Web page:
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SEBI looks to educate market investors in India

The market watchdog will launch a campaign to make the market more disciplined and transparent.

business Updated: May 27, 2007 13:01 IST

Market watchdog, Securities and Exchange Board of India (SEBI) will soon launch a nationwide campaign to educate investors to make the market more disciplined and transparent, SEBI chairman M Damodaran said in Agartala on Sunday.

"Investors, before making investments, should know how much risk is involved, what would be the return and benefits, and the legal procedure of their investment," said Damodaran, who is on a four-day visit to Tripura.

The education campaign for investors would be launched from the year-end, he said.

The official noted that there should be more registered investors associations, who can take up the task of sensitising probable investors, as SEBI alone won't be able to provide proper education to the huge number of investors across India.

Till last year there were eight registered investors associations in the country and now it has increased to 28, he said.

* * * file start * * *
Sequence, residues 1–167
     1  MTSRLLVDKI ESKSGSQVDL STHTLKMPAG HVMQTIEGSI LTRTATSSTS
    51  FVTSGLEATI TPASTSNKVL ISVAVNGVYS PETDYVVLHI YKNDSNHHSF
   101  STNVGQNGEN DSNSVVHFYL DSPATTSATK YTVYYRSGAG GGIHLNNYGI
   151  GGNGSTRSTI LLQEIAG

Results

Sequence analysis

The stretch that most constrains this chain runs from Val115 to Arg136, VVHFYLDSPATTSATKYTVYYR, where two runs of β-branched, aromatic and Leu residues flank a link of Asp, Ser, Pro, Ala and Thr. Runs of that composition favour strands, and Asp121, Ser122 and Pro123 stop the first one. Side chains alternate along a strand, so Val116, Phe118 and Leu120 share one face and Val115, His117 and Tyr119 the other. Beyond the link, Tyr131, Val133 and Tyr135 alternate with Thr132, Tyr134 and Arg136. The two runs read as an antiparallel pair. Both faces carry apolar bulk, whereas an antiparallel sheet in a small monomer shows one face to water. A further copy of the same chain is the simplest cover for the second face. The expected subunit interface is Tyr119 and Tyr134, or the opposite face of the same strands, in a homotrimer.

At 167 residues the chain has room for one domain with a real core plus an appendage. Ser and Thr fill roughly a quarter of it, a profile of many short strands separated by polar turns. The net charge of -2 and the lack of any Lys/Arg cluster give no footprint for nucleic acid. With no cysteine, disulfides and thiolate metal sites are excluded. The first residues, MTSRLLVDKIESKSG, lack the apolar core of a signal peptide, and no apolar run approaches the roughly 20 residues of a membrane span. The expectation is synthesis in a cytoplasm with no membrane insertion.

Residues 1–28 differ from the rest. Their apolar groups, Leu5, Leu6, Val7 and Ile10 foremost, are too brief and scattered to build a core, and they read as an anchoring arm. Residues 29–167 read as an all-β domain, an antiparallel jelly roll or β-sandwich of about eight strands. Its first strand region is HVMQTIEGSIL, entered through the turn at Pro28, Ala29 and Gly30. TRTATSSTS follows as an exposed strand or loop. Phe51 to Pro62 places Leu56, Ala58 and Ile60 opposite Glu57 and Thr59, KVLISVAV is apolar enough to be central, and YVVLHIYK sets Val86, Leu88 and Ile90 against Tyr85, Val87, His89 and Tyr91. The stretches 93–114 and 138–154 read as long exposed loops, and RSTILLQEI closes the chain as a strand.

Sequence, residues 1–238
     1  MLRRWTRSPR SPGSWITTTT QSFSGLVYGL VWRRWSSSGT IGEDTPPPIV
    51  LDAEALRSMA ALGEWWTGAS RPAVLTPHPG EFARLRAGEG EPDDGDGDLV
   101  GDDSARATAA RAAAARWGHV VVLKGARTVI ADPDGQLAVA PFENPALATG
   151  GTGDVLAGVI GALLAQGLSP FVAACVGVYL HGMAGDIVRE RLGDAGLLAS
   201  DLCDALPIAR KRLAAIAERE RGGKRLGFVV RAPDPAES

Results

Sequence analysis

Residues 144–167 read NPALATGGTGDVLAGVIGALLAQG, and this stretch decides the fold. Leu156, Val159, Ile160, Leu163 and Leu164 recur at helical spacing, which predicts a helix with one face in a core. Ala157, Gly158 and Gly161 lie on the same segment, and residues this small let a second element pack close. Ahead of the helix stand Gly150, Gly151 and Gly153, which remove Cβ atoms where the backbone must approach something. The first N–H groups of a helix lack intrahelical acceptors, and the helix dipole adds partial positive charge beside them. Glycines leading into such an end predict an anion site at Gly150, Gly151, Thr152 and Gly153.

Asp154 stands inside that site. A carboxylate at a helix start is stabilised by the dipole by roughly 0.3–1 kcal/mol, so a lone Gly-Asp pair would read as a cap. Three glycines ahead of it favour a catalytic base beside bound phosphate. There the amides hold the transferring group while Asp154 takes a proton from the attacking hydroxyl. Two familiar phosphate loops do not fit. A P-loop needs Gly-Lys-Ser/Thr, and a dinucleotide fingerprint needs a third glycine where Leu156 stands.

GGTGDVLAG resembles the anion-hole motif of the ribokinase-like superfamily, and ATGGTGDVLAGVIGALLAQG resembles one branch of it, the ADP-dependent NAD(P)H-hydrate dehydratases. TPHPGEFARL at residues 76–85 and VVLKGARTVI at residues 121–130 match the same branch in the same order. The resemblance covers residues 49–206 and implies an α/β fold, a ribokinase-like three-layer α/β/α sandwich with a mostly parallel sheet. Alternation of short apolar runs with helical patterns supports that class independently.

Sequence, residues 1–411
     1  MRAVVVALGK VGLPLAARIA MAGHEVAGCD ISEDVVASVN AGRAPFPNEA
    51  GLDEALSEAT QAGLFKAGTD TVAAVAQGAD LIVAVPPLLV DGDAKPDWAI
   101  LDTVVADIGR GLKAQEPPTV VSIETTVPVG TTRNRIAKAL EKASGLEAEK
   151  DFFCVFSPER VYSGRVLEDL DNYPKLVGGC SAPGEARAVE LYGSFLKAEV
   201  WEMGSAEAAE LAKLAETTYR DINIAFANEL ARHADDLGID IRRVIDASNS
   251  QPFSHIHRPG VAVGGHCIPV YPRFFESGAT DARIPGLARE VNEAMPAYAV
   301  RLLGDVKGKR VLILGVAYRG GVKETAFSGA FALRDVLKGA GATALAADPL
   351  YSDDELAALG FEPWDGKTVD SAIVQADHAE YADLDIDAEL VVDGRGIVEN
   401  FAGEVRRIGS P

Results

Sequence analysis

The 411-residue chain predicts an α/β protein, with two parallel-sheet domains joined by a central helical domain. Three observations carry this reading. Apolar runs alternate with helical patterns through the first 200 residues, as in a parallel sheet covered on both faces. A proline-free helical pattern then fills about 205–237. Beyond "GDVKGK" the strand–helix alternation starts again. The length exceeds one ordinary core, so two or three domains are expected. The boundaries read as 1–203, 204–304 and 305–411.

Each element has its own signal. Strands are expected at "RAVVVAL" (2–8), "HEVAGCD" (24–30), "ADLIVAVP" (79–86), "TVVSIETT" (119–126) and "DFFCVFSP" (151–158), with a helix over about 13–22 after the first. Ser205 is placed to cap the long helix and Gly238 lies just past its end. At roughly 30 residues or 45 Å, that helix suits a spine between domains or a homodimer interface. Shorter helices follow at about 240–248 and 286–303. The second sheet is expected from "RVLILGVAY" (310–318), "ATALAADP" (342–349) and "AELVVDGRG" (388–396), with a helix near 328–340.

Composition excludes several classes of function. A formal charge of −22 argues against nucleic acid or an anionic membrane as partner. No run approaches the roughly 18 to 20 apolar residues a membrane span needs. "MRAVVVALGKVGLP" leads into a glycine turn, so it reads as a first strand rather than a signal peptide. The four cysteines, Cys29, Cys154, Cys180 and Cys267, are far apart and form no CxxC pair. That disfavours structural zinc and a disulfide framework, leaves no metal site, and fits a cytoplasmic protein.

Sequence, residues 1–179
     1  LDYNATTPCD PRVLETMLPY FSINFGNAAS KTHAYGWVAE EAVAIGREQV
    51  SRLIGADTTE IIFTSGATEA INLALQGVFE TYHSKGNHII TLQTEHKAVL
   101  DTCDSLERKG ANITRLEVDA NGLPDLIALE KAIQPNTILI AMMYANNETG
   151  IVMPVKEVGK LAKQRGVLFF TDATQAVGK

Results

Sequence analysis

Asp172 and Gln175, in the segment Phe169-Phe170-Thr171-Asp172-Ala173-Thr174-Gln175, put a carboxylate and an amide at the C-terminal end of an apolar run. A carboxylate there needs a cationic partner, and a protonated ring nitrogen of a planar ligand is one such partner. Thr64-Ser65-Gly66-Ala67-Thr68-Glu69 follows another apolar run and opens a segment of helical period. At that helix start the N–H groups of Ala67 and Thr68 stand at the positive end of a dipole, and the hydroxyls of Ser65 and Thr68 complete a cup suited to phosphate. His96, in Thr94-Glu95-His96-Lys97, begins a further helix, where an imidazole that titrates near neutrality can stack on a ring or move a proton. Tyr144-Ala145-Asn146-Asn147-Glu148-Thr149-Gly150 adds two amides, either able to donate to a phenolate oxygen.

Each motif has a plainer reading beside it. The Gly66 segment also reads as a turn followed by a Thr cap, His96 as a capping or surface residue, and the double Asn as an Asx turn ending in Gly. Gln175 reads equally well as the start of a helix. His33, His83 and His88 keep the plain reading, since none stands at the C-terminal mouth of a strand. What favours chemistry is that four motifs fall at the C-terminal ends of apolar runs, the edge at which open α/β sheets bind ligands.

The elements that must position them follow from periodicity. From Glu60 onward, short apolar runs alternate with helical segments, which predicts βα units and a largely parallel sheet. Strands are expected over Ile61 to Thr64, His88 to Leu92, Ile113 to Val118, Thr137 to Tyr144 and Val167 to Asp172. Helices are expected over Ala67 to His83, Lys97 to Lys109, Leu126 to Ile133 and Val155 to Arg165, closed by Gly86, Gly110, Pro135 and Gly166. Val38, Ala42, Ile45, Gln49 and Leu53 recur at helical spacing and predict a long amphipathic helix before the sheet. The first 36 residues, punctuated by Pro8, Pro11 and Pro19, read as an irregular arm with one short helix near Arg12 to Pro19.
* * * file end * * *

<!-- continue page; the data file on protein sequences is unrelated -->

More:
Damodaran, who was former Tripura chief secretary, claimed that India's stock markets were more disciplined, organised and enabled speedy transaction compared to other developed countries.

He asserted that there was "no evidence with the SEBI that militant outfits or bad elements are investing money in the market".

But Damodaran added, "SEBI has no role if an extremist outfit or any unauthorised person or group invests money in market. It is up to the bank to check such illegal investments and probe from where the money comes.

"Banks are now more active about investment as they follow the Reserve Bank of India (RBI) guidelines of 'Know Your Customers' and other norms."

Supporting Prime Minister Manmohan Singh's opinion that private firms should reduce the high salaries of their executives, the SEBI chief said, "Shareholders of these companies should be more active and serious in this regards."

While Damodaran said that SEBI was extra vigilant when a new company started its business or invested money in the market, he admitted that the body had not been completely successful in protecting all investors.

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